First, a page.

- In Ireland, in March 2015, Ireland’s National Adult Literacy Agency (NALA) launched a health literacy survey which showed that 39% of patients surveyed would prefer doctors, nurses and pharmacists to use less technical and medical jargon and more understandable language. This was up from 33% in research conducted in 2007.
How to use it
It’s easier to talk about your business in the language of your industry. However, for customers that’s not always the easiest thing to understand and makes engaging with them harder.
Here’s some questions to help you figure out whether or not you are speaking your customers language and what you can do about it:
- Are you operating in an industry that is technical (even a little bit)?
- Are you speaking in a language that your customer understands? Or, even better, are you talking the customers language? If you were to show a sample of your communication with your customers to someone outside your business or industry, your grandmother say, would they understand it?
- How do you know if you are doing this consistently? This approach takes time and effort and, so, when in a rush or when things get busy, it’s normal for us to slip back into the language of our profession or, if you like, back into bad habits. So, keep an eye on this regularly monitor if you are communicating in plain language.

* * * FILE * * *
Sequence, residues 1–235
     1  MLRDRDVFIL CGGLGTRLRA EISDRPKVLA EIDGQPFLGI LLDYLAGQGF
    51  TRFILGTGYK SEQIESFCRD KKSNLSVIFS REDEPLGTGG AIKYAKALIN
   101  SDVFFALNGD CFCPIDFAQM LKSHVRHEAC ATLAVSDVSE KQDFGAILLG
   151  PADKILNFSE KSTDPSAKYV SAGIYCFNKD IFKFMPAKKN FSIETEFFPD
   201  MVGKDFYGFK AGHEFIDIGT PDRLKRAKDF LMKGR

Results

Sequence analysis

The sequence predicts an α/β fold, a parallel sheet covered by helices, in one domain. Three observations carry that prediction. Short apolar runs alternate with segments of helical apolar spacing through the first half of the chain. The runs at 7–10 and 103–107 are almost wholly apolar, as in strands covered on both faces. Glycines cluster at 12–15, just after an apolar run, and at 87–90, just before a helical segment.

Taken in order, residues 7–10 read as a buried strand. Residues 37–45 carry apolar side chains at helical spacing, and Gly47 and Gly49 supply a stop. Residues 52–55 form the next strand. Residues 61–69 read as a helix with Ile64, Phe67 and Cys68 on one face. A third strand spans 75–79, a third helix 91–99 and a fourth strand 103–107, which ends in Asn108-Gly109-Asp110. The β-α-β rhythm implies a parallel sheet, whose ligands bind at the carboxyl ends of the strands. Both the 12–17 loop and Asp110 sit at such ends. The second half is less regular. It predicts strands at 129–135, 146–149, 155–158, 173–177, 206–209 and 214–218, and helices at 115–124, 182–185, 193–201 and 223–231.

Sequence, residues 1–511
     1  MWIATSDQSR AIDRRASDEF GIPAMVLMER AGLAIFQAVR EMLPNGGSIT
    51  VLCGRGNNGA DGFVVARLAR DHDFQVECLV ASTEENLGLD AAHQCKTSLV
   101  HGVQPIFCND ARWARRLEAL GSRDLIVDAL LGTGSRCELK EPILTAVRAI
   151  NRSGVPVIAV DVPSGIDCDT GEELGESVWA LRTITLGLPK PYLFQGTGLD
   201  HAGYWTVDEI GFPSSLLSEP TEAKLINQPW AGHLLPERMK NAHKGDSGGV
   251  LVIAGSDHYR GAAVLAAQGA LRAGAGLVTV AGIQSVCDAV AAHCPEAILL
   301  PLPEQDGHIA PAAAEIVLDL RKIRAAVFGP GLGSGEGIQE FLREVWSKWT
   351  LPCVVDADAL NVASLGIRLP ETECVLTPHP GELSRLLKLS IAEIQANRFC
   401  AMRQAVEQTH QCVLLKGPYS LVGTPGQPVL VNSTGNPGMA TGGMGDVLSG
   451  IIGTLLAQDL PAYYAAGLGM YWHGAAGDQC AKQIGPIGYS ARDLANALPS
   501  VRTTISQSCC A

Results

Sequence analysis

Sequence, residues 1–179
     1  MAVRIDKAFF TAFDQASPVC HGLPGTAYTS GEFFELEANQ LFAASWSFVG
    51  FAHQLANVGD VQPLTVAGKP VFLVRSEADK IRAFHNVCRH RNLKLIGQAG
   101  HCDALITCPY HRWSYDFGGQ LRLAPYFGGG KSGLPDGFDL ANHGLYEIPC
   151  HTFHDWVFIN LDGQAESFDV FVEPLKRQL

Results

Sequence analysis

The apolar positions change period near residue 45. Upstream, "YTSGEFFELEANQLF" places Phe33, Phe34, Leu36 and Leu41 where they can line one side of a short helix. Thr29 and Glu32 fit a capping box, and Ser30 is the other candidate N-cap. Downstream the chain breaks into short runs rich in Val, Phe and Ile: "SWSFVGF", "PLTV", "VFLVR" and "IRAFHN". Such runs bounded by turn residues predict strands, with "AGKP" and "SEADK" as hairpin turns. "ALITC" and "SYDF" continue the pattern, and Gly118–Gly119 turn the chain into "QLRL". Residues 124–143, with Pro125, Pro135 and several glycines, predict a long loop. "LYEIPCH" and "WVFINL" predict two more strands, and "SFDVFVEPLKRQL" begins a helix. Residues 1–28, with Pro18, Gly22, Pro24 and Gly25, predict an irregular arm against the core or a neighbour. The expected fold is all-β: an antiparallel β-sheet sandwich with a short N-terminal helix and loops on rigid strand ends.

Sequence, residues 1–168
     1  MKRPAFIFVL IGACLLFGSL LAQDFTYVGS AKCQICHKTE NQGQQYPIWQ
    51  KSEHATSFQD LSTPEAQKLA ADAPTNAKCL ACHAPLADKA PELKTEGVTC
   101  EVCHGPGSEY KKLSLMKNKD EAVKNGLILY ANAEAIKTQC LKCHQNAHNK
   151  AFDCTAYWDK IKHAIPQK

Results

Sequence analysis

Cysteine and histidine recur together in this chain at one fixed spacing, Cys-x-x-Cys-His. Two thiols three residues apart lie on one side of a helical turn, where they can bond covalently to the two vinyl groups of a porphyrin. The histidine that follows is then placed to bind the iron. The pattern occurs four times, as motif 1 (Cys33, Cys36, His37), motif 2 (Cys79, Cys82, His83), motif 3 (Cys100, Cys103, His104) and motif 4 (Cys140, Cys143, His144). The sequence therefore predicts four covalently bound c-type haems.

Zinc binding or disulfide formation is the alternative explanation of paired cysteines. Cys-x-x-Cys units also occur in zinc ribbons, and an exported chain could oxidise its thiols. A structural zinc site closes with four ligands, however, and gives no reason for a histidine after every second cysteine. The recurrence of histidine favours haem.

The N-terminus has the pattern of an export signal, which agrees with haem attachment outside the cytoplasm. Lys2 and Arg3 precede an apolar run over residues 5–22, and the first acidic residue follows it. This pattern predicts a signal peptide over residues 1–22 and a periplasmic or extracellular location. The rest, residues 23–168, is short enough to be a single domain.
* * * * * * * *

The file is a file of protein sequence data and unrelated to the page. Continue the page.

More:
- Want to find out what your customers think? Ask your customers if they understand what you say when you describe your business or your service?
This article is an extract from Adrian Swinscoe's book How to Wow: 68 Effortless Ways to Make Every Customer Experience Amazing. Full of practical tips, inspiring insights and interviews with a wide range of leaders and entrepreneurs, the book shares 68 strategies that will show you how to stand out from your competitors, whatever your business.
Adrian Swinscoe is a customer experience consultant and advisor, and has been growing and developing customer-focused large and small businesses for 20 years. He has previously worked with Shell, FT and The Economist Group as well as advising and consulting numerous other large organisations as well hundreds of smaller businesses to help them engage with their customers, build their customer retention and improve service. Check out his blog http://www.adrianswinscoe.com and follow him on Twitter http://twitter.com/adrianswinscoe.
About Adrian Swinscoe
Adrian Swinscoe is a customer experience consultant and advisor, and has been growing and developing customer-focused large and small businesses for 20 years. He has previously worked with Shell, FT and The Economist Group as well as advising and consulting numerous other large organisations as well hundreds of smaller businesses to help them engage with their customers, build their customer retention and improve service.
He's a huge fan of organisations that do great things for their customers and their employees and a right-hand-man to those that want to achieve their own level of greatness.
He's also a lover of simplicity and advocate of the human touch with a bit of really useful technology thrown in.
Check out his blog: http://www.adrianswinscoe.com
His Forbes column: http://www.forbes.com/sites/adrianswinscoe/
Connect with him on LinkedIn: http://uk.linkedin.com/in/adrianswinscoe
and Twitter: http://twitter.com/adrianswinscoe